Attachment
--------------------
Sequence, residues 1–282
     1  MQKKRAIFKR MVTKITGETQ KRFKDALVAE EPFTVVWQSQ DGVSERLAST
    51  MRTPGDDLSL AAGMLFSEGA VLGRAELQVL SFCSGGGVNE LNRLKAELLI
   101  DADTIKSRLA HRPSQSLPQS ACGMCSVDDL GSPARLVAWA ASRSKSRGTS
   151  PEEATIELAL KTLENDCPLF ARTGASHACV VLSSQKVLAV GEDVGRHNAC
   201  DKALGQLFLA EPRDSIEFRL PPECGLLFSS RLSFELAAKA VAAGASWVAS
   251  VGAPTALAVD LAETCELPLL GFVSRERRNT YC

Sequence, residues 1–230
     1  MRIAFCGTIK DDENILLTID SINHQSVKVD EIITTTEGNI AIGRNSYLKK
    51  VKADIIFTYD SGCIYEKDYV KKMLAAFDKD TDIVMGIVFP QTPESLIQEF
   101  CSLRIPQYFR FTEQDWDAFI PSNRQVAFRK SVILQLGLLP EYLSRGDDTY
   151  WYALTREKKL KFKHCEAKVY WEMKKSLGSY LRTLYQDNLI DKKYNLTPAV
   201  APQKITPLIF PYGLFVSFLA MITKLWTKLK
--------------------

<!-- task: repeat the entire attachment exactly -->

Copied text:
Sequence, residues 1–282
     1  MQKKRAIFKR MVTKITGETQ KRFKDALVAE EPFTVVWQSQ DGVSERLAST
    51  MRTPGDDLSL AAGMLFSEGA VLGRAELQVL SFCSGGGVNE LNRLKAELLI
   101  DADTIKSRLA HRPSQSLPQS ACGMCSVDDL GSPARLVAWA ASRSKSRGTS
   151  PEEATIELAL KTLENDCPLF ARTGASHACV VLSSQKVLAV GEDVGRHNAC
   201  DKALGQLFLA EPRDSIEFRL PPECGLLFSS RLSFELAAKA VAAGASWVAS
   251  VGAPTALAVD LAETCELPLL GFVSRERRNT YC

Sequence, residues 1–230
     1  MRIAFCGTIK DDENILLTID SINHQSVKVD EIITTTEGNI AIGRNSYLKK
    51  VKADIIFTYD SGCIYEKDYV KKMLAAFDKD TDIVMGIVFP QTPESLIQEF
   101  CSLRIPQYFR FTEQDWDAFI PSNRQVAFRK SVILQLGLLP EYLSRGDDTY
   151  WYALTREKKL KFKHCEAKVY WEMKKSLGSY LRTLYQDNLI DKKYNLTPAV
   201  APQKITPLIF PYGLFVSFLA MITKLWTKLK